On Saturday, both men will coach their 1,000th game -- Murray with the Los Angeles Kings after stints with Washington, Philadelphia and Florida, and Trotz for the Nashville Predators.
"They did the odds of that happening were 10 trillion to one," Trotz said during an appearance Thursday night on "The NHL Hour with Commissioner Gary Bettman."
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He joined an exclusive list at the start of the 2011-12 season when he became the seventh coach in the four major North American sports leagues to have been part of each of his franchise's first 12 seasons of existence. The other six are Lester Patrick of the New York Rangers, Connie Mack of the Philadelphia Athletics, Curly Lambeau of the Green Bay Packers, Tom Landry of the Dallas Cowboys, Hank Stram of the Kansas City Chiefs and Paul Brown of the Cleveland Browns.
"I'm blown away and honored," Trotz said. "Those are legendary names, and I don't consider myself a legend by any stretch. But when my name starts coming up involved with those people, it sort of blows me out."
Trotz has led the Predators to the Stanley Cup Playoffs in six of the past seven seasons, but the early years in Nashville proved to be a challenge. The team won more than 30 games just once and finished out of the playoff picture in its first five seasons, results that might have had other organizations showing their coach the door. Nashville stuck with Trotz, who still doesn't know what it feels like to get axed but is sympathetic whenever one of his colleagues falls victim.
"I understand the dynamics of sports, I understand the different pressures in different markets, I understand the expectations that are put on by the management, ownership, what have you," he said. "I've been very fortunate, and I tell this when people are replaced in our fraternity -- I always call them and say that they are good coaches. The best coaches in the world are in the National Hockey League. It is part of the business, and it's something I haven't experienced so I can't say I've been there, but I just know that it is a lonely place for the coaches."
Working in Trotz’s favor is the man directly above him in the Preds hierarchy, general manager David Poile, who has been in Nashville since Day 1 as well. Poile hired the still-green Trotz against the conventional wisdom that suggested a veteran coach might be better for a fledgling franchise. The two have been inseparable ever since.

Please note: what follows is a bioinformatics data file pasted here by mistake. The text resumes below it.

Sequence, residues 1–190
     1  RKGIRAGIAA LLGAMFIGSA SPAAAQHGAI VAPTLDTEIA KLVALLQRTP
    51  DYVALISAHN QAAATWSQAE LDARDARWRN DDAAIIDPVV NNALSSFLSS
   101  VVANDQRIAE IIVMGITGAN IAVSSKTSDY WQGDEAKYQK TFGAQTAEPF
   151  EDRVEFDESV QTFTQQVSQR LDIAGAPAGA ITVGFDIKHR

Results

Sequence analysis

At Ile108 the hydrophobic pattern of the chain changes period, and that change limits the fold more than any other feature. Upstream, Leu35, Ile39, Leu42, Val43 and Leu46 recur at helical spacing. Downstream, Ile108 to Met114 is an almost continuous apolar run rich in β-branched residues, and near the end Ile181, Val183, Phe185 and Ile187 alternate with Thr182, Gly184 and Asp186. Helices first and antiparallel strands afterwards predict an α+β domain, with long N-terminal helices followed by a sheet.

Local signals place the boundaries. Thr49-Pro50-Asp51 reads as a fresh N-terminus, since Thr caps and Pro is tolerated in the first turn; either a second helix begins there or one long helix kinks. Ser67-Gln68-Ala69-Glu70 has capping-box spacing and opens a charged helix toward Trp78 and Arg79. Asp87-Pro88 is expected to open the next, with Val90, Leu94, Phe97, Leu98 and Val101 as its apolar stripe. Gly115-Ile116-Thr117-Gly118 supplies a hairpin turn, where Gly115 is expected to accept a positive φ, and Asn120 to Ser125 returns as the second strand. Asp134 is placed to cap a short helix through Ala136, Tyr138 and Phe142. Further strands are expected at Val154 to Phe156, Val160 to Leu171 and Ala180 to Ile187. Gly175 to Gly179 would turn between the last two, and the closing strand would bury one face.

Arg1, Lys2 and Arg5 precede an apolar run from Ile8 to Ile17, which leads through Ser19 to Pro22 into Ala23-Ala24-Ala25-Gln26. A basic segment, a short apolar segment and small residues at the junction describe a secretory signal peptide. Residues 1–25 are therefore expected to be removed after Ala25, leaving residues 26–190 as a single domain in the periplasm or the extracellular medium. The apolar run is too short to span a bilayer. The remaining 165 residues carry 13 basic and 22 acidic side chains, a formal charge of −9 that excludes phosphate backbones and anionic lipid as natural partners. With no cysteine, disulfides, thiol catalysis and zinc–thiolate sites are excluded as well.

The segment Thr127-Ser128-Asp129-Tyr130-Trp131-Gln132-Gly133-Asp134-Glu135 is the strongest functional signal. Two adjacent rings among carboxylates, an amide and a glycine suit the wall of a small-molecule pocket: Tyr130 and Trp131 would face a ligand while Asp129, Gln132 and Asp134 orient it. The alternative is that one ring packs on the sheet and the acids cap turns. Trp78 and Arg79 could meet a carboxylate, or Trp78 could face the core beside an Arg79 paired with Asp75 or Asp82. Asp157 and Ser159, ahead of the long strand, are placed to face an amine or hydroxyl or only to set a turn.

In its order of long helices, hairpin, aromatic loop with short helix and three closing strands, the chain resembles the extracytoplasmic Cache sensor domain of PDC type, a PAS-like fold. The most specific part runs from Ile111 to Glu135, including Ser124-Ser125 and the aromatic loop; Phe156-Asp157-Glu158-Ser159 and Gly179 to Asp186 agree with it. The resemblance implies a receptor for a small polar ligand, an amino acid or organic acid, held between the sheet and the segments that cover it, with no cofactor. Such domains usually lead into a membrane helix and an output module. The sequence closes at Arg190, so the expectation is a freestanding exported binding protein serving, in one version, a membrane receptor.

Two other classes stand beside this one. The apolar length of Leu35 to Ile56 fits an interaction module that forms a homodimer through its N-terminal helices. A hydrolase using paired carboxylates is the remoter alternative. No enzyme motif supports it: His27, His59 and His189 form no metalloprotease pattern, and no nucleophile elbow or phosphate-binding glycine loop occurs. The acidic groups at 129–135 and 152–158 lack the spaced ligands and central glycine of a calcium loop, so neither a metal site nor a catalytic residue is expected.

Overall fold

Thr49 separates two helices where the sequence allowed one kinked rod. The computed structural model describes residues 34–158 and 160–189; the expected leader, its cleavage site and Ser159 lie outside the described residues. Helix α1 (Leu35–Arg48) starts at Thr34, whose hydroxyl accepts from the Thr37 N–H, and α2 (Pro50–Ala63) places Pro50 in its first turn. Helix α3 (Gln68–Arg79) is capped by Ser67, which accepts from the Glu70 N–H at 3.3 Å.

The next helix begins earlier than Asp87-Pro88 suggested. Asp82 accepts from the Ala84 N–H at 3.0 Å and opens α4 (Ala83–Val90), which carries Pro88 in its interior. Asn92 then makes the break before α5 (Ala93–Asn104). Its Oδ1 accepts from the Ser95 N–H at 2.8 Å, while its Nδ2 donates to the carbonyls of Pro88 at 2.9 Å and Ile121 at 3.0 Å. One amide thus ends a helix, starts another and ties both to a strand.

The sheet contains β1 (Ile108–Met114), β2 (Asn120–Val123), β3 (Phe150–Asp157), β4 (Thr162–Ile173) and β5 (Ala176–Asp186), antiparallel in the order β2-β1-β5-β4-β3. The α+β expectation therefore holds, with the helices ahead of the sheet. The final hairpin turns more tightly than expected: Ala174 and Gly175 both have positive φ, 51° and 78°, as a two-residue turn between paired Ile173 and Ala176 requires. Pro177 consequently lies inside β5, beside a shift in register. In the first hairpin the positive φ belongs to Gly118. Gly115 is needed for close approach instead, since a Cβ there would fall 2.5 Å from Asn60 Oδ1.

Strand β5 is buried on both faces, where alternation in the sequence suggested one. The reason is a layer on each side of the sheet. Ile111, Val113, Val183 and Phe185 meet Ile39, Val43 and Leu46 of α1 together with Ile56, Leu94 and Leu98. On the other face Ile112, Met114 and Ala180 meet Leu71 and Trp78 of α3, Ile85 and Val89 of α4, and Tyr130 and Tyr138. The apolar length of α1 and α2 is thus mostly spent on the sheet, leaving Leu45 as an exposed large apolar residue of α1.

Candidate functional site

Trotz spoke of his strong relationship with Poile and how the GM "allows everybody to have an opinion" when it comes to making important decisions, such as executing trades or forming the Predators' plan for the future.
"One of the things that is clear in Nashville is everybody's allowed to have input and everybody's allowed to do their job, but when the decision is made either by David or myself or whatever particular area the decision is granted to, everybody's on the same page and everybody has each other's back in terms of the decision," Trotz said. "There's no agendas. It's about winning and it's about a real team effort and that's how our team is displayed on the ice and that's how we are in the community."
"I've been very fortunate, and I tell this when people are replaced in our fraternity -- I always call them and say that they are good coaches. The best coaches in the world are in the National Hockey League." -- Barry TrotzHis stability with the franchise has allowed Trotz to put down roots in a community – a luxury that eluded him before joining Nashville.
"I've been in Nashville longer than any place I've ever lived in my life, even growing up in Dauphin, Manitoba, where I'm originally from. This is home," Trotz said.
He went on to add: "Nashville is a hidden gem. It is a wonderful city. The people are fantastic. It has everything that you want and then some, because of the music industry, all of the very, very talented people that we have -- not only from the music industry but the creative side of things. There's a lot of entrepreneurs in Nashville. It's a big city with a small-city feel."
During his time coaching the Predators, not only has Trotz watched the team develop into a consistent contender in the Western Conference, but he's watched the game itself evolve.
"I think our game has gotten so much better," he said. "The rule changes that we've made, it is a faster game. The athletes are tremendously gifted now. I mean, they are fast, they're physical, they do things at such high speeds that the game has changed.
"The first couple years we could sort of grind it down with a very strong defensive-trapping type of system, a lot of hooking and holding if you will. We've changed that. Now you have to skate, it's about skill, it's about speed."